How to maintain your guitar

Keep it looking good and working perfectly!              

I am sure that your guitar is one of your most precious things so it is important that you look after it in the best possible way and, of course, the right way. Even if you own a ‘distressed’ model you will still want all the parts to work and be in tip top condition to maintain its glorious sound…

There is, obviously, an ‘ideal’ way to do this, but with a busy life and a desire to play there is a ‘real-world’ alternative! Ideally you should regularly clean the body, neck and fretboard (taking the strings off to do so) of your guitar with special fluids and cloths; clean the strings regularly with special fluids; check and clean the hardware (pickups and machine heads); check the set-up – action and intonation; and store it at the correct temperature and humidity in a hard case. Phew!

However here are some basic, real world things you might want to think about when looking after your guitar:

1. Keep it in a case. If possible keep your guitar in its case in an upright position, without leaning it by the neck, when you are not playing and try to keep it in a room that is traffic and child free! Guitars don’t like extremes of temperature or humidity so don’t store it near a radiator, in sunlight or in a damp room. Guitars don’t like attics, lofts or basements either.

2. Wash your hands before you play to get grease and dirt off them so you don’t transfer it to the strings.

3. Get a stand. When you are placing your guitar down for a few moments between pieces a stand will save you having to balance it against a piece of furniture. Otherwise place it back in the case for safety. Lots of dings and chips are caused by the guitar falling over and banging against your furniture.

4. Check your strings. Your strings are one reason why your guitar gives you your desired sound and so looking after them is important. Check them regularly to ensure that they are in good condition and change them frequently if possible – make a note of when you last changed them and try to do it at least every six months, more if you notice that their brightness has faded or if you play gigs where you will have sweaty hands. Old and worn strings will sound dull and give you tuning and intonation problems as well as a loss of volume and elasticity, which is important if you use a tremolo or bend them. Try to wipe the strings with a dry, lint-free cloth after you have played to help prolong their life.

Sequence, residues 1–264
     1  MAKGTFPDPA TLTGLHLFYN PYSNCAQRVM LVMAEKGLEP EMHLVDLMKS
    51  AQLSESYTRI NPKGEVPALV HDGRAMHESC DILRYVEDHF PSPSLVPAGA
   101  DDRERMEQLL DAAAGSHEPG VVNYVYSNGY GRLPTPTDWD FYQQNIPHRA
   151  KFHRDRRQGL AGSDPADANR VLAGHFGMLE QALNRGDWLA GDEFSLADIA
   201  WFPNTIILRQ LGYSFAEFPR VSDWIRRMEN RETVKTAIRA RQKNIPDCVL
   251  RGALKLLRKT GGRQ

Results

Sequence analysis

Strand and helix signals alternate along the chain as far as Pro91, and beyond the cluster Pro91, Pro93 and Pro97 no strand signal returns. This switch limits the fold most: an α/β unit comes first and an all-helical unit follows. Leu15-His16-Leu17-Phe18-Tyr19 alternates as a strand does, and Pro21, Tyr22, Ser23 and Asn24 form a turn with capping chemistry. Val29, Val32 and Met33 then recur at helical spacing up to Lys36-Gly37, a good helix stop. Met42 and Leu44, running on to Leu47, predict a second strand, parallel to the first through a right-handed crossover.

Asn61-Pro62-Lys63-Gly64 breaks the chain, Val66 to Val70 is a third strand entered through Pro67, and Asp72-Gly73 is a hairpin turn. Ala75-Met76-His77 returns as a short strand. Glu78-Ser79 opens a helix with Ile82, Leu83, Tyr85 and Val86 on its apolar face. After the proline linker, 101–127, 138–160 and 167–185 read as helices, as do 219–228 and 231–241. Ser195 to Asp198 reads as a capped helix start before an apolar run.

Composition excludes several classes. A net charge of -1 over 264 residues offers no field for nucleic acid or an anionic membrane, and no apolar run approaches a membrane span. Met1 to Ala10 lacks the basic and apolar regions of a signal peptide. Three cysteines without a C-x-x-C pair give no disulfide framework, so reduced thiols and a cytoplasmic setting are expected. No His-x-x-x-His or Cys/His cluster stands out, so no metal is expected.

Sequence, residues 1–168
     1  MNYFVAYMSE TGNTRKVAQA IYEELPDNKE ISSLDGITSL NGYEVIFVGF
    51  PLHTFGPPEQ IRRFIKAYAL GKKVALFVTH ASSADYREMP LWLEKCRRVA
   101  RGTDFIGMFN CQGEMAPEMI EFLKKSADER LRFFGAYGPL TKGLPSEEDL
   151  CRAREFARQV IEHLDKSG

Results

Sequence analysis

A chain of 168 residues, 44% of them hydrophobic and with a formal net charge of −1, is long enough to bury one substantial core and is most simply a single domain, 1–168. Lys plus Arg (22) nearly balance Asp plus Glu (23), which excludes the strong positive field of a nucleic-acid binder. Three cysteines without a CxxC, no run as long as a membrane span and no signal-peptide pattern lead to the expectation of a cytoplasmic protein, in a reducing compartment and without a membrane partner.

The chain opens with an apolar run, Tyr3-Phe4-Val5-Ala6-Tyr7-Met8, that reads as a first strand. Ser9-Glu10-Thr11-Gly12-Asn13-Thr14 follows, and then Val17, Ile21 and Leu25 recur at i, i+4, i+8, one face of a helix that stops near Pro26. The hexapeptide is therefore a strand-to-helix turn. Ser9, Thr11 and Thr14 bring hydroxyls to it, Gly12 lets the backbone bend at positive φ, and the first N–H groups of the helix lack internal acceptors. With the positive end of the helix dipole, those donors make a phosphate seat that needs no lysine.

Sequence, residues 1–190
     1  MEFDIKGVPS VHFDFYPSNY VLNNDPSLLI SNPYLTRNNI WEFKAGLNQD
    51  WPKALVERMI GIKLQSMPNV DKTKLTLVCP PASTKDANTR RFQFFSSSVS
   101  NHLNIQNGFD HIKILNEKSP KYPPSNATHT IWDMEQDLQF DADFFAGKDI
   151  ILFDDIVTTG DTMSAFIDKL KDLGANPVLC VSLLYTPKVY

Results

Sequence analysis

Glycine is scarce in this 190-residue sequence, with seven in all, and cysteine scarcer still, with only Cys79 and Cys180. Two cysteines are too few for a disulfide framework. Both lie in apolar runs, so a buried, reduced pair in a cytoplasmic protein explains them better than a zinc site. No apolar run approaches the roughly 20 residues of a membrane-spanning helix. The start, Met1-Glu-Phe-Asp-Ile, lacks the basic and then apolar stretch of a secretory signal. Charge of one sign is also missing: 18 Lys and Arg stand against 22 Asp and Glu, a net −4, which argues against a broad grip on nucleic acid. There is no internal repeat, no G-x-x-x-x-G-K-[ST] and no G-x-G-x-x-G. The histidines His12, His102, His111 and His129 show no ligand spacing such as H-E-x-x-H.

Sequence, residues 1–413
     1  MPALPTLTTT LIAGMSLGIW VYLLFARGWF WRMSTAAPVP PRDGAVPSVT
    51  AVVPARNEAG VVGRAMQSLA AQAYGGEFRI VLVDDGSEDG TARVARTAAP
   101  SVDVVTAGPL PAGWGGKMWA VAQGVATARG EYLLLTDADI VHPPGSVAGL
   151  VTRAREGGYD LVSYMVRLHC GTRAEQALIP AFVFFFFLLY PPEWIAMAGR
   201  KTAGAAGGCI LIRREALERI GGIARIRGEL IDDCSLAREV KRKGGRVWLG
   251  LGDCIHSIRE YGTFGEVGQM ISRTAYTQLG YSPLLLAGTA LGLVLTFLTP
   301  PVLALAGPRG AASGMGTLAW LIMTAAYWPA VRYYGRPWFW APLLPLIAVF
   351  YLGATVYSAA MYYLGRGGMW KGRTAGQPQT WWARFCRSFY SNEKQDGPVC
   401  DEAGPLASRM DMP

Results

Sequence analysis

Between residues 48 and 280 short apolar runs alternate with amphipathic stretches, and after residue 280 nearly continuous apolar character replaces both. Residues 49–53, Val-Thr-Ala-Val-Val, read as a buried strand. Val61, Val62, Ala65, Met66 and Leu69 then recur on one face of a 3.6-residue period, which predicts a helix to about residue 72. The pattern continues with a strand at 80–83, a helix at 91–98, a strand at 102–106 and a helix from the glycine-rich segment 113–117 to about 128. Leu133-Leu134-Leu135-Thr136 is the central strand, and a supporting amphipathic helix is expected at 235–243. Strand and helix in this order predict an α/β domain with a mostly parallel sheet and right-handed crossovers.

5. Check the nut and saddles and lubricate them to reduce string breakage – the lead of a soft pencil is a great natural lubricant and cheap! Lubricating the nut and saddles reduces friction and allows the strings to move more freely.

6. Wipe it down. To keep your guitar looking good wipe the body, neck and hardware with a dry, soft cloth to remove dust, fingermarks and perspiration (which can corrode the metal parts).

7. Check your hardware. Keep a check on all parts of your guitar such as pickups, strap-pins, machine heads, saddles and tremolos and make sure they are in good working order.

8. Always transport your guitar in its case. If travelling by car try not to put anything on top of it and avoid leaving it in there if it is a hot day.

9. Insure your guitar against loss or damage if possible with one of the specialist instrument insurance companies. This is particularly important if you gig a lot or live in a high risk area.

If you get into the habit of doing these simple and quick things it will help to keep your guitar sounding and looking good, giving you many years of playing pleasure. And ensure it keeps its value…

Links to other pages

Set up and maintenance
How to choose guitar string gauges